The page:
Nigel Etherington, P.Eng., Planet & Company, President
Nigel is a senior Toronto- based ESG executive and management consultant serving clients in Canada and abroad. He co-founded Planet & Company as a sustainability-focused advisory. P&C focuses on incorporating strategy, innovation, risk mitigation and continuous improvements with clients in corporate, governmental and NGO sectors. Their mission is to co-create and accelerate the execution of strategies with triple bottom line benefits: economic, environmental, and social – with a particular focus on enabling energy transition to net-zero.
Nigel’s talk on climate change centred around the fact that most of our emissions come from how we manufacture, second only to how we use power. During the global lockdown due to the COVID-19 pandemic, emissions had dropped by 5 percent globally. It is also important to note that, in an effort to reach Net-Zero emissions by the year 2050, we would need to drop global emissions from 52 Gigatons per year to ZERO! To reach zero (0) Gigatons, this is equivalent to having a global “pandemic-like” lockdown that increases every year till 2050 by 6 percent annually! That is why this could be mankind’s greatest challenge.
Q&A with the Panelists
How could you see these Climate Change solutions being implemented if tenant bills tripled?
Ultimately, government regulations would need to drive things and it would need to be a top-down approach with additional funding to help support tenants. Penalties for landlords who don’t address climate would be essential; at the same time, increased prices would be difficult for tenants to manage, so government funding and support would be necessary.
Is heating included in your rent or a separate charge?
Heating is typically included; however, it is still not sufficient. Tenants often require additional heating appliances, increasing energy consumption. If people feel no incentive to protect the planet, we have to create a cost reduction incentive to make them care.
How can these solutions be realized?
It really comes down to funding. We would need to inject money into buildings in order to have them be more energy efficient. We would need to focus on the building envelope and ensure that it is energy efficient in order to reduce energy waste, thus reducing the overall cost. This cannot be a continuous patch job on each of the buildings, it should be fixed at its foundation going forward. Again, this all comes down to regulation and financing.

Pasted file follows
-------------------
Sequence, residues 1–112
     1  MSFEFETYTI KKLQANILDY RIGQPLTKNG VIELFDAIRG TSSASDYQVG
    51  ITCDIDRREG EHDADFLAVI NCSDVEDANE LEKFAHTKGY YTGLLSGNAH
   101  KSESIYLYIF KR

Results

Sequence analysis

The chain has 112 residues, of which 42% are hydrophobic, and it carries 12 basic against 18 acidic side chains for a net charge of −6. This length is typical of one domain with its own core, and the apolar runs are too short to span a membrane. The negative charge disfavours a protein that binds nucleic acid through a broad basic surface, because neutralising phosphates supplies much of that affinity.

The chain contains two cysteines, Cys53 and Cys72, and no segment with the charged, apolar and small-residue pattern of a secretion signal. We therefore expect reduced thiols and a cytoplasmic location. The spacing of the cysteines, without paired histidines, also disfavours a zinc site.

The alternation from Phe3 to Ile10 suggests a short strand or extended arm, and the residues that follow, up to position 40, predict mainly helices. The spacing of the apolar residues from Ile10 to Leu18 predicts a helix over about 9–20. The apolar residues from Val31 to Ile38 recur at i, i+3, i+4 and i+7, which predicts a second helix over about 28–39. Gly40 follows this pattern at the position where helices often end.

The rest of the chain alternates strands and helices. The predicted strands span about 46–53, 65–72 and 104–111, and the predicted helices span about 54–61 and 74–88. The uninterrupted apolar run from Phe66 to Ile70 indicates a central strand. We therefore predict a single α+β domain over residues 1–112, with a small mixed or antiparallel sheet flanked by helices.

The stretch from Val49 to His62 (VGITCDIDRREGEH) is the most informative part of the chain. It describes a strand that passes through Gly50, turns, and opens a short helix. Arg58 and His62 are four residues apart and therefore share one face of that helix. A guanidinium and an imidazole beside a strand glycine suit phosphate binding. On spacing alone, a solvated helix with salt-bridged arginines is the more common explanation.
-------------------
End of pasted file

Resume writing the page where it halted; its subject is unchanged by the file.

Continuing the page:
How would building owners engage with the city in order to move forward with these climate change solutions?
We would need to focus on a primary motivation. It would also be good to reframe the issue from being a problem to being an opportunity. Stakeholders need to have some skin in the game to feel more invested in making a difference.
Is there an incentive for a carbon tax?
Unless things are economically equivalent, society will naturally move towards a lower-cost solution. In terms of progress, it doesn’t seem that economics and these proposed solutions are moving fast enough to mitigate the impacts of climate change. We need to step up our standards. As a point of interest, Toronto’s Green Standard only applies to new construction, leaving a gap for older buildings.
Do the politicians need more courage or is it up to the tenants and community?
The real concern is that tenants will need to foot the bill in terms of upgrades and changes. It is really up to the political change-makers to develop more courage in order to move society toward addressing climate change.
- The transition away from fossil fuels as energy will be humanity’s hardest task ever.
- All levels of government can only do so much, and individuals must take responsibility and be more willing to act collectively and effectively to eliminate greenhouse gas emissions.
- No single private or public sector actor has the resources or capabilities to achieve these changes alone; we must work as one.
- Resilience planning is an important step in our effort to mitigate operational, financial and legal risks, and protect the value of investment for building owners and shareholders.
- There is much more to building performance than energy efficiency.
- It is essential that tenants, owners, investors and governments engage proactively, constructively and systemically to improve physical and social resilience.
- Governments and communities must plan and develop energy systems that rely on heat pumps and local renewable energy sources to maximize cost-benefit and resilience.
- Building owners and investors must improve building envelopes and reduce the temperature requirements of water-based heating and cooling systems to enable a cost-effective transition.